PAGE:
Hmmm. Four-issue mini-series, and the plot moves along slowly, and the scene with Wendy and her boyfriend CRACKED ME UP, but this is basically filler. Sigh. Four panels of Wendy quoting "Kung Fu Fighting" does not endear itself to me. The banter between Wendy and the Middle Man is fun, but doesn't tell us much that A) couldn't be done much more quickly; and B) we can't figure out for ourselves. That's part of the problem with slow-moving comic books (no, I'm not going to rant about decompression today) - they assume we're idiots. I'm not an idiot. I was reading this, and thinking, "I know all this. I know Wendy doesn't know all this, but she's a fictional character who should simply serve to tell a story." That's what bugs me. It doesn't matter if Wendy learns all this on-panel or off-panel. She doesn't exist! She could learn it all in between panels, for crying out loud! The scene at the end when the Middle Man is investigating the Mafia murders and Wendy shows up and decides to join is fine, because the banter is decent and the plot is moving along at the same time! What a freakin' concept.

This is a cute book. The idea is cool, the art is fine, and the characters are charming. I just wish writers didn't feel the need to turn their books into Clerks or Before Sunrise or Slackers occasionally.²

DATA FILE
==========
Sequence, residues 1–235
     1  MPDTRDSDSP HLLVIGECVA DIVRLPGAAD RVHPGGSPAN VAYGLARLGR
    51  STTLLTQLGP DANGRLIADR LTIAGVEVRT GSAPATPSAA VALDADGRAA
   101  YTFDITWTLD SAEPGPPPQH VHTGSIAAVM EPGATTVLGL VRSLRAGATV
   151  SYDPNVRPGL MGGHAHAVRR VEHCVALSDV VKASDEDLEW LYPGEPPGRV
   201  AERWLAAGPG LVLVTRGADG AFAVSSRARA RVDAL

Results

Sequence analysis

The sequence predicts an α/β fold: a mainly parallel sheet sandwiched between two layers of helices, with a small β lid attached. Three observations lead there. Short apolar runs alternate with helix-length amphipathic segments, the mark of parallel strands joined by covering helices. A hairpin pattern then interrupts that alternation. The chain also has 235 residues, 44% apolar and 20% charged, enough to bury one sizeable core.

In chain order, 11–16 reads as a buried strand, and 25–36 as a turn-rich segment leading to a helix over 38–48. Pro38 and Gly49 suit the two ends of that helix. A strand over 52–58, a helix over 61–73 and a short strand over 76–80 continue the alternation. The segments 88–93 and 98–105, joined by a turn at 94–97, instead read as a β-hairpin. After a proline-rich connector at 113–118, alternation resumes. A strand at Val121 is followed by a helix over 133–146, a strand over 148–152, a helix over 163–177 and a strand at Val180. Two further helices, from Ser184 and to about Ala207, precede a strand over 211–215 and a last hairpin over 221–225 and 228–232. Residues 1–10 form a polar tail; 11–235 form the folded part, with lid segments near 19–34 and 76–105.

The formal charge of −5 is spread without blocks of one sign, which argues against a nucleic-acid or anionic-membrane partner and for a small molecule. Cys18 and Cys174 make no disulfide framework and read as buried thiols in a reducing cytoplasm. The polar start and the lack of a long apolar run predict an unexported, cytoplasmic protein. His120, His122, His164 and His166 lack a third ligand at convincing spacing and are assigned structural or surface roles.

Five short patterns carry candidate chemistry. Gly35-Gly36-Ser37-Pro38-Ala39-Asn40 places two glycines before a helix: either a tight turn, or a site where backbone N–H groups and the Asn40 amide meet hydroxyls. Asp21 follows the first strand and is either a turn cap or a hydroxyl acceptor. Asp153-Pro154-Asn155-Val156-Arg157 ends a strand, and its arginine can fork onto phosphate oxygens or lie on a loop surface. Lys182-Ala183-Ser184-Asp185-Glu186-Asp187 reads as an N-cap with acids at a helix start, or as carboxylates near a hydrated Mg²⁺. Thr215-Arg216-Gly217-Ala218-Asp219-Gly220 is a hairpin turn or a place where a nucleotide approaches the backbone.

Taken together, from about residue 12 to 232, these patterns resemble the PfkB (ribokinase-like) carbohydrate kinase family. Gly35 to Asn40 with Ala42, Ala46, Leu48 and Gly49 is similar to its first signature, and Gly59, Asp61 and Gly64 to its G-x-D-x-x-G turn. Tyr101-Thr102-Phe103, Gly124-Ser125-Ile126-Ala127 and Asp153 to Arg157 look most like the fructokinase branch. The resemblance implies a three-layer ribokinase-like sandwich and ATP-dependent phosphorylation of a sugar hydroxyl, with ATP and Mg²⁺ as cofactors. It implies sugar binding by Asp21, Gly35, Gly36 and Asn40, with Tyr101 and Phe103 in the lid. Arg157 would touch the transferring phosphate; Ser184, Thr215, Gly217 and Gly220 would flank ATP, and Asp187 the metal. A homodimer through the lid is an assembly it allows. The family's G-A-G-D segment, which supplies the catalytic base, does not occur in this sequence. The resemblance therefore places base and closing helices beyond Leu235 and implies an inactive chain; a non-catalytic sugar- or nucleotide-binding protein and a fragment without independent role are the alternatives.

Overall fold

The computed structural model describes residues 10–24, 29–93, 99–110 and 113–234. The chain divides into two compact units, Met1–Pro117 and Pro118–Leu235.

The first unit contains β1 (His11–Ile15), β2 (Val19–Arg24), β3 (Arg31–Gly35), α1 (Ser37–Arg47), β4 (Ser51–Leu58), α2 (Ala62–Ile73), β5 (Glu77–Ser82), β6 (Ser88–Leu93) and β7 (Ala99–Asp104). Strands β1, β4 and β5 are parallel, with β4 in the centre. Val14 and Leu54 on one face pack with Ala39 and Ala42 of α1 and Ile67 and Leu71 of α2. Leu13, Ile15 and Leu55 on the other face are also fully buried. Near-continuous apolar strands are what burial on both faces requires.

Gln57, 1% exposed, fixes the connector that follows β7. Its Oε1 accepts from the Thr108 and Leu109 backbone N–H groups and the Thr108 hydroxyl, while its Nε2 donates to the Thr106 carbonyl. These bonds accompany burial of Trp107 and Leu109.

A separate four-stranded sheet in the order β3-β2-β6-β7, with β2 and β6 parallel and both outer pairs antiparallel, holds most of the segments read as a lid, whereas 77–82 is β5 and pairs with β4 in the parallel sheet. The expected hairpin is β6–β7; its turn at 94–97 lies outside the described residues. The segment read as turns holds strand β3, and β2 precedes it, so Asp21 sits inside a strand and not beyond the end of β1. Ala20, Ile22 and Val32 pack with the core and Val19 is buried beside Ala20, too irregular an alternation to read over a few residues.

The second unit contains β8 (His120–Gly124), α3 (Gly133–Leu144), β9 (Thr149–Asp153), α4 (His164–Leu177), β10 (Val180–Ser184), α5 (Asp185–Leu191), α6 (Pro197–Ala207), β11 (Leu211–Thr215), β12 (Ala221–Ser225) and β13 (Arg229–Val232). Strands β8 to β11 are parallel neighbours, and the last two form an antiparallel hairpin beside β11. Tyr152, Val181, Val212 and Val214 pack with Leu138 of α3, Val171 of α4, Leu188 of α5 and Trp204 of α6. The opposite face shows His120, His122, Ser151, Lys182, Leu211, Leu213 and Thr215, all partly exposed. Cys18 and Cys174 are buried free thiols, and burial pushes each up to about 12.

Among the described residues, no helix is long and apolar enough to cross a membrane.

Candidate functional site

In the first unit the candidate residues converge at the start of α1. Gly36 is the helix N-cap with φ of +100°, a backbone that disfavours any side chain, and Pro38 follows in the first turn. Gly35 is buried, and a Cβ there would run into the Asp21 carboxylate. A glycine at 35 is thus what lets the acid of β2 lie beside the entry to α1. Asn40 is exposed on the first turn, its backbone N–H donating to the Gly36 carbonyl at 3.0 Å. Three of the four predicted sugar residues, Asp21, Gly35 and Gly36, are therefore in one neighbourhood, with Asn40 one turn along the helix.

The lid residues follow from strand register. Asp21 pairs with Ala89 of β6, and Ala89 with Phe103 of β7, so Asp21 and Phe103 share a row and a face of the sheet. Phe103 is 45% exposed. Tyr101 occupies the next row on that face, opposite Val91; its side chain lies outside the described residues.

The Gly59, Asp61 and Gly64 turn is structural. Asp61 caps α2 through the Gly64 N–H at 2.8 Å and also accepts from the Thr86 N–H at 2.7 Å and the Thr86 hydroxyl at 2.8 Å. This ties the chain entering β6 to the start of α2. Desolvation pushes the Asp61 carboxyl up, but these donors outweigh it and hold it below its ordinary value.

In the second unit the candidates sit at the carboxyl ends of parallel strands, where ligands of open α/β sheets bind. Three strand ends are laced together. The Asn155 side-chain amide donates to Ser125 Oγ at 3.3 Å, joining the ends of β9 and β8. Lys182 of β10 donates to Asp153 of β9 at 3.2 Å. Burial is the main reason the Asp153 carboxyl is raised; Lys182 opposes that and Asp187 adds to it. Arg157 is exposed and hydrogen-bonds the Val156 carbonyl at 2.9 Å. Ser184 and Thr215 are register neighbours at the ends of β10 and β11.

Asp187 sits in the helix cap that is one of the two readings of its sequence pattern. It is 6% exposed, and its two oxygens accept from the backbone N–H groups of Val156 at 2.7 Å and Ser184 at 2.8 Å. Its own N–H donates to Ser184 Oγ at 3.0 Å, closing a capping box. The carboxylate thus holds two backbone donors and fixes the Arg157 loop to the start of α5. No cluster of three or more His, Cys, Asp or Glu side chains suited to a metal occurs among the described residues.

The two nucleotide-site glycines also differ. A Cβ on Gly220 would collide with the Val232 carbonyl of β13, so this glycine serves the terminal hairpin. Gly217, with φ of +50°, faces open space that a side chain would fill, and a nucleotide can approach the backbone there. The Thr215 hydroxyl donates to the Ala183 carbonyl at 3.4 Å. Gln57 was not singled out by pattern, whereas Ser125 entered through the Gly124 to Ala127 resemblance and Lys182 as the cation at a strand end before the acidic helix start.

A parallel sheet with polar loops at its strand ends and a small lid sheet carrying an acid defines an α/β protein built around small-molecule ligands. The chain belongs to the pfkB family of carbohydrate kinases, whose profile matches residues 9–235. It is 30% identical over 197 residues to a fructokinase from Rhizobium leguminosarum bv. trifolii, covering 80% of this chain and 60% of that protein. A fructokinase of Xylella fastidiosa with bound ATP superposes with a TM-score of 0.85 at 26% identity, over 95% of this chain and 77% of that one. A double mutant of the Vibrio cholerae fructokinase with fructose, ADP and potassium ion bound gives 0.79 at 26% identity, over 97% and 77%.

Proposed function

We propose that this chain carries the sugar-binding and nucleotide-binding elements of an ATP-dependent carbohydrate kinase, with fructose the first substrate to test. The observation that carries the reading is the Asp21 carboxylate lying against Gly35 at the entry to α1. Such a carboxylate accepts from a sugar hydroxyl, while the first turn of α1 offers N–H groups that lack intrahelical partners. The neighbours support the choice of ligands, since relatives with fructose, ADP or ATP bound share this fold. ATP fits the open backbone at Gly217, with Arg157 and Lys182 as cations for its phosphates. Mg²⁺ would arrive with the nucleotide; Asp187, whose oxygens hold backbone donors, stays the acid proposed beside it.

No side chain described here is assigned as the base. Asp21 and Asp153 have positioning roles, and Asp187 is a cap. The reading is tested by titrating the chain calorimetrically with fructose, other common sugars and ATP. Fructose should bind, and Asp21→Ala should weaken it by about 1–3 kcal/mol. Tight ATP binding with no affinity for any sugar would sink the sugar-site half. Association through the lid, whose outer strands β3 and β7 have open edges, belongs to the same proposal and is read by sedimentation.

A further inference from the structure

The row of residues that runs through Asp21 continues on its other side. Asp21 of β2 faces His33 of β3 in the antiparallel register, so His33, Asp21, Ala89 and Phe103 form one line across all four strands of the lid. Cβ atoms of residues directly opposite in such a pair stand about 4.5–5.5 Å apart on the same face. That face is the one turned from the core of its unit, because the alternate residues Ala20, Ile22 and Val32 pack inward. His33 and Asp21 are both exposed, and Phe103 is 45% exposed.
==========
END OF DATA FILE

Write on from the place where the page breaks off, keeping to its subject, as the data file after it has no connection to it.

What Were They Thinking?! #1 by Keith Giffen, Mike Leib, and Wally Wood
$3.99, Boom! Studios

The joke is too obvious: What was I thinking? You've heard about this - Giffen takes an old Wood war comic and changes all the captions and dialogue and makes it funny. Well, it's not really that funny. Sure, there are some funny moments, but you know what this reminds me of? You're sitting around the bar on a weekend night with some buddies and you think of something bizarre and mildly funny and you announce it to the rest of your friends and because everyone is slightly inebriated you all think it's the funniest thing ever and you riff on it for a while and everyone guffaws loudly and you order more beer and then someone mentions that the Eagles are going to the Super Bowl this year and suddenly everyone is off on that topic and the most hilarious stuff you were discussing just seconds before is completely forgotten and when you wake up in the morning with a hangover next to a strange dude (!) you remember the funny stuff and think to yourself "That will be something funny to reminisce about, but it really wasn't that humorous - it was the beer that made it better" except Giffen and Lieb NEVER GOT SIDETRACKED BY FOOTBALL AND HAPPENED TO BE DRINKING AT A PUBLISHER'S OFFICE! So they pitched this and inexplicably it got published. Perhaps Ross Richie (Boom!'s publisher) was drinking with them.